Even on a gray Monday after noon in mid-June, with a cool wind blowing off the sea, Oak Bluffs still feels like the place you want to be. Circuit avenue is crowded with everyone from teenagers to seniors all looking for that special memento; wherever you lie on the spectrum, you can find a place for yourself, and something you want.
This weekend Oak Bluffs opens its doors extra wide announcing itself, yet again, as the place to go for summer entertainment. Saturday, June 18 seems to pack in a full summer’s worth of events. From noon to 5 p.m. the Harborfest invites one and all to enjoy food, music, shopping, antique cars, a pet blessing, parade, and, of course, carousing. For the first time the Midsummer Faerie Festival is joining hands with Harborfest bringing Celtic musicians and a host of faerie guests to the party. In the evening and lasting until 11 p.m. the Solstice Celebration takes the baton. Circuit avenue will be closed to vehicles as pedestrians take to the street to enjoy outdoor music and dining. Fireworks are scheduled to begin at 9:15 p.m.
But Oak Bluffs is more than just a seaside resort town. It is a community that stands apart and a place where, after just a bit of time, anyone can feel at home.
Deon Thomas came to Martha’s Vineyard from Clarendon, Jamaica about 12 years ago. After opening several restaurants in different parts of the Island, he has come to rest, for now, at Deon’s on Circuit avenue. Standing behind the bar of his restaurant, Deon jokes with the patrons slinging back cocktails in the early afternoon.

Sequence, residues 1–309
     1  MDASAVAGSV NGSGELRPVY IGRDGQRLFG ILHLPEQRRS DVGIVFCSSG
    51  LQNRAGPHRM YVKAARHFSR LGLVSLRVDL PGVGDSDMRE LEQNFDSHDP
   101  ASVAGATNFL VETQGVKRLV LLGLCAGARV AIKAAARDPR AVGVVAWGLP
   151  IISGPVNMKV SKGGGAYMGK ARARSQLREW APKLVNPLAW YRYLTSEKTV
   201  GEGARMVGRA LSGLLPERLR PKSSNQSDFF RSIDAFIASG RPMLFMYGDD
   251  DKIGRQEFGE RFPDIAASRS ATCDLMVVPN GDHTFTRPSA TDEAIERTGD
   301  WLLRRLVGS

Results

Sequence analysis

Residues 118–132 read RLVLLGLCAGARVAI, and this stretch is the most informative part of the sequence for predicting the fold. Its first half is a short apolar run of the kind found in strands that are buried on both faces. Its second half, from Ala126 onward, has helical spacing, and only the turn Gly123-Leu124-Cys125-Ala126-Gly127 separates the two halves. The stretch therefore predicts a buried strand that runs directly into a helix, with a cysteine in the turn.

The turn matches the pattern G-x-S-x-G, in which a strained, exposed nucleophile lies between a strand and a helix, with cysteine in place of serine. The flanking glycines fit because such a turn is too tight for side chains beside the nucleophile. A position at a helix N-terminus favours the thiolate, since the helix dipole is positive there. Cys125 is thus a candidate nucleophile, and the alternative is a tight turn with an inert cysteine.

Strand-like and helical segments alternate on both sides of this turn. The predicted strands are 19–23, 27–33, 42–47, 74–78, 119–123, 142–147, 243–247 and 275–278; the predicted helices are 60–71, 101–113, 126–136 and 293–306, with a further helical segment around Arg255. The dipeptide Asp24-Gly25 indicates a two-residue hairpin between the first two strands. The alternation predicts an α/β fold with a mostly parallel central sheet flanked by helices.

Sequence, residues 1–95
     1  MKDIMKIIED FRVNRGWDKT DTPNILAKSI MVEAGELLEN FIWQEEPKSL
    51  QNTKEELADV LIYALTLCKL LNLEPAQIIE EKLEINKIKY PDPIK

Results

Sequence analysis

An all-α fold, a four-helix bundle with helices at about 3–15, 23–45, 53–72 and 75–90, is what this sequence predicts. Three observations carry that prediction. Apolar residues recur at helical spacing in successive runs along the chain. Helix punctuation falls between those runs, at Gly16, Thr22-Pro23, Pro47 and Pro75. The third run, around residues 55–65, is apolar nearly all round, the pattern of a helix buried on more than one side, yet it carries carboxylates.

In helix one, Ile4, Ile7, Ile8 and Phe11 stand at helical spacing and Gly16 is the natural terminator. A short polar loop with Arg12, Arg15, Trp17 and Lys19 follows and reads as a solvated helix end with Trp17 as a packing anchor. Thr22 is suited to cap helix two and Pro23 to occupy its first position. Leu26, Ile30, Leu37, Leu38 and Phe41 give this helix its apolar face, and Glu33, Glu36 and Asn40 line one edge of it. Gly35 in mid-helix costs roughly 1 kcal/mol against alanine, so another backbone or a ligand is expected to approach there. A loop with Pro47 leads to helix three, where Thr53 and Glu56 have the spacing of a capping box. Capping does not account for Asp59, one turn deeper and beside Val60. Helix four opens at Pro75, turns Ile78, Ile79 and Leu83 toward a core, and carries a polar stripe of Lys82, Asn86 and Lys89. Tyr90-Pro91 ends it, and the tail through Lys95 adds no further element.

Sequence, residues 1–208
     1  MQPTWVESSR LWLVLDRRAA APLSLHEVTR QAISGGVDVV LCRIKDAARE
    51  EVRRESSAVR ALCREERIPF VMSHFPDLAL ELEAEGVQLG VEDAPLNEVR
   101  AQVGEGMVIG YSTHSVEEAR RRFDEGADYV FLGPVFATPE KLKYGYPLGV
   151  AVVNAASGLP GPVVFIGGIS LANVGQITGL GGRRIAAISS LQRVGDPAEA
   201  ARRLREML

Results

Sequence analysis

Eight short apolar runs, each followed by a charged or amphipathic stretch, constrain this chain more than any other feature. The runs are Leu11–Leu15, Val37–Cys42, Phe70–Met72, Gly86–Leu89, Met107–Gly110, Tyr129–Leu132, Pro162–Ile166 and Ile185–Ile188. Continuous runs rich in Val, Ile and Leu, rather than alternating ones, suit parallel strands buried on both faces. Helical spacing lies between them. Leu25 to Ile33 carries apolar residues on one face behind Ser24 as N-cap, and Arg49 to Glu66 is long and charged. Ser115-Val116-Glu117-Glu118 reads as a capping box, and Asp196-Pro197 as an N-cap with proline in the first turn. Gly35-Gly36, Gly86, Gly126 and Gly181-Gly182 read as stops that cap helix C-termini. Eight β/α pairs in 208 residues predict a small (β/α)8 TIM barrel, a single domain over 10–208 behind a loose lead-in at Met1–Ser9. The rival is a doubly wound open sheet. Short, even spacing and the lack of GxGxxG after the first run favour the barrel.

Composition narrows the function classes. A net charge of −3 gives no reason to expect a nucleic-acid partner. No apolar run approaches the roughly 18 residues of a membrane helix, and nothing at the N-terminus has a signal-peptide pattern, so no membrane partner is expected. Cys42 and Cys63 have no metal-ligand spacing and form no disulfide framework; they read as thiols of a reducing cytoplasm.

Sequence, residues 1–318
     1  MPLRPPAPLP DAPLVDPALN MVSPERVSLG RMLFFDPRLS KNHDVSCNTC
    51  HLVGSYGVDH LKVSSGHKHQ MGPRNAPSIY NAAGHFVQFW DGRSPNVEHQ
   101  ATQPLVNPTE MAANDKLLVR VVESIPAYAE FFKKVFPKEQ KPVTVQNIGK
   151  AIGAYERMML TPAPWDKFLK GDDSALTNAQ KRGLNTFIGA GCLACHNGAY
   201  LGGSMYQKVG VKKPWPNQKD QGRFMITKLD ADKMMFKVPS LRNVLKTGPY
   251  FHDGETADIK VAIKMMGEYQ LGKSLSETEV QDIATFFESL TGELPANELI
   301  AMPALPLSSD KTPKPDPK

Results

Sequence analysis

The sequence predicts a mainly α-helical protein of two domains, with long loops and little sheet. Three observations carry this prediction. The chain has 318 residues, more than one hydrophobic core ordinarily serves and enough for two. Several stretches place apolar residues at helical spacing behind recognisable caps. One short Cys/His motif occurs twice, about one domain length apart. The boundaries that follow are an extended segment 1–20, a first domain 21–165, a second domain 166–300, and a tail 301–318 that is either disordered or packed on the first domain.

As if the bar were a stage, Deon poses with his drinks before expounding on the merits of his town. “Oak Bluffs is awesome,” he exclaims. “It’s where the action is, and you wanna be where the action is.” He pauses before adding with a laugh, “But sometimes there’s too much action.”
Either way, Deon knows the real recipe for success. “We just need more sunshine.”
Dennis daRosa, president of the Oak Bluffs Association and owner of daRosa’s, marvels at the decorating facelift Deon has given the restaurant. Over coffee at Deon’s he remarks, “It’s a beautiful setup. It’s one of our nuggets of diversity in town.”
Tia Sequeira, a 12th generation Islander, who makes and serves chocolate at Ben and Bill’s, is looking forward to the weekend and summer crowds. “We get a line snaking all around the store with people waiting outside,” she says. “But you don’t mind so much, it gets you pumping, you get used to it.”
Though Ms. Sequeira lives in Edgartown she prefers Oak Bluffs to any of the other towns. “It’s friendlier here. Vineyard Haven is earthy-crunchy and Edgartown is overly priced, and it’s uncomfortable there with everyone walking around in their polo shirts.”
Oak Bluffs, she feels, is different. “Oak Bluffs is laid back. You can come in your sweatshirt and your flip-flops and no one cares.”